Thomas Beattie spent years trying to get a recurring thought out of his head and it was a shattered skull that convinced him to leave it be.
He remembers everything so clearly — the ball, the bounce, the back of the other guy’s head, the crunch and the hundreds of tiny shards of bone floating behind his eyes. He remembers the pain and the seven surgeries and, most of all, he remembers a deeply personal epiphany that, five years on, has suddenly become a discussion point for strangers around the world.
First, to the accident. He was 29, an Englishman abroad. His had been a nomad’s career, one of those largely anonymous adventures in football’s backwaters — a young pro at Hull City who would ultimately make his way in the leagues of Canada and Singapore.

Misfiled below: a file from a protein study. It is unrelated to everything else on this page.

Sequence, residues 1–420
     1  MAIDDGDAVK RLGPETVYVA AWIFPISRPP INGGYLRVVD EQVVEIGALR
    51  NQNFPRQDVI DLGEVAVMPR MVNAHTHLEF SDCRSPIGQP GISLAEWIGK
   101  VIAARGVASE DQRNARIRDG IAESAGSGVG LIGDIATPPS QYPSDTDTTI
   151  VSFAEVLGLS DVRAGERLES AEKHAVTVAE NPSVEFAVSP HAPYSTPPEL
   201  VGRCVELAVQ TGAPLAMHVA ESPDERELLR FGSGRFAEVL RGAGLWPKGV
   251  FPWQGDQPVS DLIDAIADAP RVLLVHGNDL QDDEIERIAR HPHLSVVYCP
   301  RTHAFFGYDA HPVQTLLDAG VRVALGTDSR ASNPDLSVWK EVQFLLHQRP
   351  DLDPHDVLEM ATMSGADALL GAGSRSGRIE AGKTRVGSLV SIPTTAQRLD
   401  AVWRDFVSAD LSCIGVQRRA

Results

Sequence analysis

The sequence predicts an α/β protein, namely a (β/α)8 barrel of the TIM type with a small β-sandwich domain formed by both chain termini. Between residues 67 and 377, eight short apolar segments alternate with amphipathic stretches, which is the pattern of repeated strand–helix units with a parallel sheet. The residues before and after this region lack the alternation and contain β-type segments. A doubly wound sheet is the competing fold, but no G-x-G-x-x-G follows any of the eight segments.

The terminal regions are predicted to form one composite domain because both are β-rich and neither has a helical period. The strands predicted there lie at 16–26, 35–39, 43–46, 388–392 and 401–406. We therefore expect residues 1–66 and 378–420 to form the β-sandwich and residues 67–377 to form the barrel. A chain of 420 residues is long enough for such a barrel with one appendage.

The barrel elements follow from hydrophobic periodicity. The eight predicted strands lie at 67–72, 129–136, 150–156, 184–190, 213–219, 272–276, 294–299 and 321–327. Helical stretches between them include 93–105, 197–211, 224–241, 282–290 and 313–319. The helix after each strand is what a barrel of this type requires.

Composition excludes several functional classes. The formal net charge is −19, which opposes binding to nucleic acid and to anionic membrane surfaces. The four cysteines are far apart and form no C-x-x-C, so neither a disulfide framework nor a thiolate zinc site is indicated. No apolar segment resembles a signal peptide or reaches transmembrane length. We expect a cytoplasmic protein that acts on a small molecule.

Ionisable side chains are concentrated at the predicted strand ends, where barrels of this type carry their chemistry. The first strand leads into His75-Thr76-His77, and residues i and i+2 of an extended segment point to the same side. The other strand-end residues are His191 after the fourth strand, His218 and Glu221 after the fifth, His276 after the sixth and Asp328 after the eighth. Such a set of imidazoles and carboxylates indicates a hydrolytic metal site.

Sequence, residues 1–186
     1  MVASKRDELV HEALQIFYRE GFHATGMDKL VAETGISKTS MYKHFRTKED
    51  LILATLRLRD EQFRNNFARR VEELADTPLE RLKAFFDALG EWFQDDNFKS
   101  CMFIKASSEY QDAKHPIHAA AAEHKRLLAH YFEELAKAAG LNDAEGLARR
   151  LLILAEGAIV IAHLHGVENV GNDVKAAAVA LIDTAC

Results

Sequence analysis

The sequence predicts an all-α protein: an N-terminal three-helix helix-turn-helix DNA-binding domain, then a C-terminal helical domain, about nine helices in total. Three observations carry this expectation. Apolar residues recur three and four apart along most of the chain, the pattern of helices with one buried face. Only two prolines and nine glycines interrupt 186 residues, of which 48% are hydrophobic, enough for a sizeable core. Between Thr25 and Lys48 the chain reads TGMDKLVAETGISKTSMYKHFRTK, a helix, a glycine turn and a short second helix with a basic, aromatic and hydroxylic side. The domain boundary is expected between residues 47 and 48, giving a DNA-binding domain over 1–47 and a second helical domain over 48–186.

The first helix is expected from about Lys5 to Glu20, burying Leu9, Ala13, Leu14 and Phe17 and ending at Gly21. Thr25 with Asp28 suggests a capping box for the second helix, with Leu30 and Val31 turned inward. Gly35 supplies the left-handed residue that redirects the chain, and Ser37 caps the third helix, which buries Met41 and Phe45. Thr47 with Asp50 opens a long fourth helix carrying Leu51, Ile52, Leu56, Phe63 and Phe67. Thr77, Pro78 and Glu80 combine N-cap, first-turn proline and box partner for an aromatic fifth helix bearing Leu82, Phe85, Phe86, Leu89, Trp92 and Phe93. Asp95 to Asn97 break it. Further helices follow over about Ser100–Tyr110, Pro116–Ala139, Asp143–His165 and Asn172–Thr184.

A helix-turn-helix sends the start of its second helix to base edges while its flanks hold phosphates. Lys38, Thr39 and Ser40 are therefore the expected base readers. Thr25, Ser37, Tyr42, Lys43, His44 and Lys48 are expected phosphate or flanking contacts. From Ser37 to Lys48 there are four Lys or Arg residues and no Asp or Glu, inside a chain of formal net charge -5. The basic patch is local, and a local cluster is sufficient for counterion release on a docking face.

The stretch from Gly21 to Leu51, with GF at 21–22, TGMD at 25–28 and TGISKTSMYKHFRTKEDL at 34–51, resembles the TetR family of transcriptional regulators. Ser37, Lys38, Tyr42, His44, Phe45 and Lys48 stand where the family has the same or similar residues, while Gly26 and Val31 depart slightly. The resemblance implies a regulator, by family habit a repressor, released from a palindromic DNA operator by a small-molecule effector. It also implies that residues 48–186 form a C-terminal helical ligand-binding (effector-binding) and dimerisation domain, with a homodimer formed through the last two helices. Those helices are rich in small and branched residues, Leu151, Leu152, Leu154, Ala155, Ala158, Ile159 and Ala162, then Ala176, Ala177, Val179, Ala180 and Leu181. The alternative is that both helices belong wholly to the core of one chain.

Former footballer and Hull City youth team player Thomas Beattie came out as gay last week
In 2015, at Bedok Stadium, a ground fit for 3,800 fans on a good day, he was playing midfield for Warriors FC, the most successful club in the Singapore Premier League. They were up against Geylang United.
‘The ball was bouncing between me and another guy,’ Beattie tells Sportsmail in his first interview with an English newspaper. ‘We were sprinting and he turned his head last second and I hit the back of his head.
‘I compressed both eye sockets, fractured the top of my skull, my cheekbones, had a brain haemorrhage. Literally what happens in a car crash.’
He adds: ‘I was constantly in and out of hospital, having plates put in and bone fragments taken out from behind my eye sockets. It was absolutely horrific and it was also a total, amazing blessing.’